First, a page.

Magazine article Addiction Professional

LGBT Youths Report Eating Disorders at Stunning Rate

Magazine article Addiction Professional

LGBT Youths Report Eating Disorders at Stunning Rate

Article excerpt

Because health concerns in the LGBT population generally are considered to be an under-researched topic, the release of any comprehensive data in this area rarely escapes notice in the professional community. In the case of results of a newly released survey on eating disorders among LGBT young people, however, these fresh numbers are both noteworthy and utterly staggering.

Cosponsored by the National Eating Disorders Association and unveiled as part of the annual awareness week activities that it spearheads in February, the survey of more than 1,000 young people ages 13 to 24 found that more than half (34%) had received an eating disorder diagnosis at some point in their young life. Moreover, of those individuals who had not received this diagnosis, 54% said they suspected they had an undiagnosed eating disorder.

Such numbers did not appear to surprise Philip McCabe, a health educator at the Rutgers University School of Public Health and president of NALGAP, The Association of Lesbian, Gay, Bisexual, Transgender Addiction Professionals and Their Allies. However, McCabe tells Addiction Professional, "As a trainer on LGBT issues, I find many clinicians are surprised when I share information on eating disorders with gay and bisexual youth."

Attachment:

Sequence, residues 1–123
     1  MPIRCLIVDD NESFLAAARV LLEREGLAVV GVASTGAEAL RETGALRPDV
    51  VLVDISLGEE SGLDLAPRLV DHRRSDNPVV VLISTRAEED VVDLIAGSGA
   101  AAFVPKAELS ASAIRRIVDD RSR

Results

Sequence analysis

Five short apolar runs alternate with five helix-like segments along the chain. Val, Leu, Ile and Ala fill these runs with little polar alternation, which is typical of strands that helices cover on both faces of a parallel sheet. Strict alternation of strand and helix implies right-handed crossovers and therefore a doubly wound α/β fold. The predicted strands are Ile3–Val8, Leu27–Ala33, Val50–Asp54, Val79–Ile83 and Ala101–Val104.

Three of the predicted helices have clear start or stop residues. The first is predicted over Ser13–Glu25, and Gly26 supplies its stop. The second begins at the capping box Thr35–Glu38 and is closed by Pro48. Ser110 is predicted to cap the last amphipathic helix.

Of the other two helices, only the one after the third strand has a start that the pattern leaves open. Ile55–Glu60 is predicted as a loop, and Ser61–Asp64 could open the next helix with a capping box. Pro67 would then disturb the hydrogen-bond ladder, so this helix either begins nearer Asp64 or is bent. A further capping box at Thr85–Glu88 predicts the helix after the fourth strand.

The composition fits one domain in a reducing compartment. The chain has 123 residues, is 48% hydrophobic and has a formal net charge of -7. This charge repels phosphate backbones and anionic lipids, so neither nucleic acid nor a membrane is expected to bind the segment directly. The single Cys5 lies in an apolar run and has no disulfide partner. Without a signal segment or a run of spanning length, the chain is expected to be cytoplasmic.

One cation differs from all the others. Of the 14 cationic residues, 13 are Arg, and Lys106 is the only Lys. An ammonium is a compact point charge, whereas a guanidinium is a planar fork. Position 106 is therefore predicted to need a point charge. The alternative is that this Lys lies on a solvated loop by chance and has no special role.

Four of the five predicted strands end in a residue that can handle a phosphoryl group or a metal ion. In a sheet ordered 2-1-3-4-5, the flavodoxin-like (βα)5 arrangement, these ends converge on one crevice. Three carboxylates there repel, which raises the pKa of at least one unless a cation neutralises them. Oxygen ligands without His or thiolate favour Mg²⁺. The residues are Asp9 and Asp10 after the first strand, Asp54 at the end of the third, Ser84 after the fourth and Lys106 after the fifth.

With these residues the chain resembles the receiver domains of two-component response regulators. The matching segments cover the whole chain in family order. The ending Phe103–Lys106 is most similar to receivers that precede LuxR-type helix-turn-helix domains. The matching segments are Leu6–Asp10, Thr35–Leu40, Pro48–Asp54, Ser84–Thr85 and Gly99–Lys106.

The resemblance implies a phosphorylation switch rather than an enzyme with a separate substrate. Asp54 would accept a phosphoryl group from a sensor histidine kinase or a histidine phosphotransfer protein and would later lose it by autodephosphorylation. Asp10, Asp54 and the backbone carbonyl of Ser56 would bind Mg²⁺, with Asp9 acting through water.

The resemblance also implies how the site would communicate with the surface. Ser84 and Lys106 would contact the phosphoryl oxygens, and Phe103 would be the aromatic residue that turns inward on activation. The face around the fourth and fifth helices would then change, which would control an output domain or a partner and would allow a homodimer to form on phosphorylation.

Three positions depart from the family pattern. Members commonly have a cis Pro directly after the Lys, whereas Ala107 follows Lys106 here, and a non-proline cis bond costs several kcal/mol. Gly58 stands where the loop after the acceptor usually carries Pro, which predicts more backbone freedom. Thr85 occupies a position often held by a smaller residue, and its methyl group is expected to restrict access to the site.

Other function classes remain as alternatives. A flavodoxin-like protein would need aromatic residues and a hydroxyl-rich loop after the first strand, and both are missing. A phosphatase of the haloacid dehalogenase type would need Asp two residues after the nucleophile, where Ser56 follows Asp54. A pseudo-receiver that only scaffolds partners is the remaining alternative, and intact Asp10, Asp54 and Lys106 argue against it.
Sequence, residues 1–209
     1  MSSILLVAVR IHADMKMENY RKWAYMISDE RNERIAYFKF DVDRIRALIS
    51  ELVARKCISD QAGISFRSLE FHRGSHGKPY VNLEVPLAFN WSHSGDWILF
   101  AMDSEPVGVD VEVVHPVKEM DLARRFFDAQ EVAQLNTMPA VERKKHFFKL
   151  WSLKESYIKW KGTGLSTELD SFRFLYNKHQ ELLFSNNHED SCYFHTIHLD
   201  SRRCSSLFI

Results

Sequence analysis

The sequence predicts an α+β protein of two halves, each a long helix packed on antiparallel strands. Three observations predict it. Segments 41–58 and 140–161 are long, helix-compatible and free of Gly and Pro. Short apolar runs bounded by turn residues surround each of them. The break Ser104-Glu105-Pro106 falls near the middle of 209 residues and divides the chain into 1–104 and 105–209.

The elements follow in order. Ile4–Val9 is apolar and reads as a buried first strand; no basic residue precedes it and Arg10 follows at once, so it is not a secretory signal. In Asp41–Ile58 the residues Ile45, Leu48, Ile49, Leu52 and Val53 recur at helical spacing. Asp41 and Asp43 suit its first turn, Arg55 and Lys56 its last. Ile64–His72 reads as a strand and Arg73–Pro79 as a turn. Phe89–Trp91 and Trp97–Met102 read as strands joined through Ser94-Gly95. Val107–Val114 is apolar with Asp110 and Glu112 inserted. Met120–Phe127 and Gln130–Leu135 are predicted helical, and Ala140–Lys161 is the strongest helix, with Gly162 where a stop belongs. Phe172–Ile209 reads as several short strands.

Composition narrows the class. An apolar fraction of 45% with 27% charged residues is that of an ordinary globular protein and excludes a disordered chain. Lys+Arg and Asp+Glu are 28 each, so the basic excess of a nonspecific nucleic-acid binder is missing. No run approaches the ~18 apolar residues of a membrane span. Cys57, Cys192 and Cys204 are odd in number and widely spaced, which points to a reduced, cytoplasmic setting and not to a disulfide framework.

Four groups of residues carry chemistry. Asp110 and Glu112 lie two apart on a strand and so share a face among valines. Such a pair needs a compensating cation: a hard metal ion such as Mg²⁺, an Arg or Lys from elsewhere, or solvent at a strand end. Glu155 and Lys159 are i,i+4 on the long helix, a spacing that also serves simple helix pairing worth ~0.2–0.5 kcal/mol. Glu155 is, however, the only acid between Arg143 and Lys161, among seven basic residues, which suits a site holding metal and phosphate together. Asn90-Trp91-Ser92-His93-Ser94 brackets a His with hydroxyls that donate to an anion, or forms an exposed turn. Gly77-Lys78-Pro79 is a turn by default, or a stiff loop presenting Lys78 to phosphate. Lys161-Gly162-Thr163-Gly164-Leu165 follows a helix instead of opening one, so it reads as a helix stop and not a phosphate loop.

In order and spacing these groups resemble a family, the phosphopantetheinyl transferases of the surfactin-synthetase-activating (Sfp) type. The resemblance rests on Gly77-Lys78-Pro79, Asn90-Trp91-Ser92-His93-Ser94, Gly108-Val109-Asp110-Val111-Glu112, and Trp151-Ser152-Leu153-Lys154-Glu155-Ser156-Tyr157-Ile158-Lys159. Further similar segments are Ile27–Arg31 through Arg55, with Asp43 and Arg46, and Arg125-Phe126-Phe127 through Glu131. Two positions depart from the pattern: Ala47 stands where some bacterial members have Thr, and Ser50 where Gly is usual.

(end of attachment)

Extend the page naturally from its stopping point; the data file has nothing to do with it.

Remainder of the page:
McCabe adds, "This raises several areas of concern-first, not all addiction professionals have received training on eating disorders. Unless the client self-discloses, it is not always included during the assessment."

WHAT THE NUMBERS SHOW

The online survey also was conducted by Reasons Eating Disorder Center and The Trevor Project, the latter being an organization seeking to end suicide in the LGBT population. It took place from early January to early February of this year and included individuals identifying as a sexual orientation other than heterosexual and/or a gender identity other than cisgender, which is defined as identifying with one's gender of birth. A detailed questionnaire explored disordered eating diagnoses and behaviors, as well as any history of suicidal ideation or behavior.

The survey found that transgender youth face a disproportionate risk of having an eating disorder, with 71% of transgender respondents who identify as straight having been diagnosed with an eating disorder. However, cisgender LGBTQ females (the Qstands for both queer and questioning in the survey) reported the highest prevalence of eating disorder diagnoses of any gender identity in the survey, at 54%. By comparison, the prevalence of eating disorders among cisgender males was 31 %, and the prevalence of eating disorders among transgender females was 12%. …

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